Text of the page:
Mortgage Concepts is a recurring video series covering best practices and compliance education for California mortgage loan originators. This video finishes our discussion regarding common mortgage fraud schemes mortgage loan originators are likely to encounter in their business. For course credit toward renewing your NMLS license, visit Return to Mortgage Concepts: Common mortgage fraud schemes, Part 1 here.

Common mortgage fraud schemes, cont’d

HECM fraud targets seniors, who are coerced into obtaining a property or a reverse mortgage so the scammer can steal the funds acquired through the HECM. HECM fraud often involves other types of frauds, like appraisal fraud to increase the value of the property, investment fraud to acquire funds advertised as future investment profits for the senior and identity theft when the HECM is obtained without the knowledge of the senior owner of the property. Often, HECM fraud involves:

  • a caregiver or family member coaching the senior on the acquisition of the HECM;
  • someone with power of attorney acting on behalf of the senior;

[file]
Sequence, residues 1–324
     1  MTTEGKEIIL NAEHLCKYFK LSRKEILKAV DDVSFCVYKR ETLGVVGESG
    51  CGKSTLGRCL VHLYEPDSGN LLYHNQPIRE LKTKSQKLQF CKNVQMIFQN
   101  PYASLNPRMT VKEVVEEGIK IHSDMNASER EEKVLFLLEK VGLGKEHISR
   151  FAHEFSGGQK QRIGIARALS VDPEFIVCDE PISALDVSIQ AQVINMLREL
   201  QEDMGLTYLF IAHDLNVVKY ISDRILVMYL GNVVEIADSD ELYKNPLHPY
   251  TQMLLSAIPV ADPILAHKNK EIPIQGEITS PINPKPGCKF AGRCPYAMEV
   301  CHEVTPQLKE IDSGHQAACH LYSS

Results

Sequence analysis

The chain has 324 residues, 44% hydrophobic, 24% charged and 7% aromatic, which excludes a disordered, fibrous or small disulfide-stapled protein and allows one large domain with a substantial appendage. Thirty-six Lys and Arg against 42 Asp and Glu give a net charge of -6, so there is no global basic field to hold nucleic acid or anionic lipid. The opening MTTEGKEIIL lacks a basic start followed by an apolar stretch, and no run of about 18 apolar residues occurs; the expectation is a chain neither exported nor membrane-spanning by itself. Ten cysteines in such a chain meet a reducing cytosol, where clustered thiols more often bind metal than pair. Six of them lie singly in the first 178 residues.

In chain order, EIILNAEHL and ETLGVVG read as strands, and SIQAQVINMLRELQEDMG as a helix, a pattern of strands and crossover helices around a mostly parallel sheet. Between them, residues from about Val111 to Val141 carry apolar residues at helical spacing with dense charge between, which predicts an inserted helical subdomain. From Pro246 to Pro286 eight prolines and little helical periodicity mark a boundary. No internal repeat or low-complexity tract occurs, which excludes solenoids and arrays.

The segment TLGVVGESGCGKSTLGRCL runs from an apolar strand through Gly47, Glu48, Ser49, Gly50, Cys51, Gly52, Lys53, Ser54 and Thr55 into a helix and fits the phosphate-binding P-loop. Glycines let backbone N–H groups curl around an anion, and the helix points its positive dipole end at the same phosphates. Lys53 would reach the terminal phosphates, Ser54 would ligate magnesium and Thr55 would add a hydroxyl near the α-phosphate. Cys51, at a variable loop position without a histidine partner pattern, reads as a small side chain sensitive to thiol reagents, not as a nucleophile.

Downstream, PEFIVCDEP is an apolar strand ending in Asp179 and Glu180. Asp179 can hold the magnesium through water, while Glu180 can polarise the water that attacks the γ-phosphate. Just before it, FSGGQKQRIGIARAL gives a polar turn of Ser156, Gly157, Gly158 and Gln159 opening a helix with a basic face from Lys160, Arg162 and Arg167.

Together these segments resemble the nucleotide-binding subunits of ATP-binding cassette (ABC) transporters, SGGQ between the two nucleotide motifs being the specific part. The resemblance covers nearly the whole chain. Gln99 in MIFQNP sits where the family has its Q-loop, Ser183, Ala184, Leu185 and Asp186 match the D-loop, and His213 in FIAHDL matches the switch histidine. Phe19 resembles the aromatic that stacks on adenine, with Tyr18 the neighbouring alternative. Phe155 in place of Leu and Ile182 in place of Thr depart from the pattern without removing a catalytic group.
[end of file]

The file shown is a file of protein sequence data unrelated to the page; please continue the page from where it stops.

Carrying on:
• the power of attorney is held by a caregiver, but the senior has relatives;
  • communication with the loan officer only through the person holding power of attorney;
  • the senior’s credit report being inconsistent with the information on the loan application;
  • the monthly mortgage statements sent somewhere other than the senior’s address;
  • the senior borrower withdrawing large amount of cash or displaying unusual spending activity; and
  • the senior obtaining a reverse mortgage but depositing few or no funds into their account.

Affinity fraud is fraud which relies on exploiting common bonds such as friendship, family, ethnicity, professional relationships or age-related groups. This type of fraud is a means by which other types of fraud are accomplished, e.g., the fraudster asks their family members to play certain roles in a fraud-for-profit scheme. Common indicators of affinity fraud include:

  • parties to the transaction (loan officer, escrow officer, real estate agent, borrowers, appraiser) have a common bond;
  • several parties to the transaction have the same surname;
  • the borrower has excessive assets in relation to their employment income;
  • large gifts from group members as a source of the down payment;
  • the borrower works for a member of the group; and
  • straw buyers, falsified gift funds and altered employment and asset information.

Social Security number fraud and identity theft takes places when an individual obtains the Social Security number or government ID of another and uses it to obtain a mortgage on their own behalf. Identity theft may go a step beyond the mortgage to include the use of the stolen identity for other types of fraud for profit.

House stealing involves the identity theft of a homeowner. The scammers then use fake IDs and forge the owner’s signature on forms transferring ownership to the property.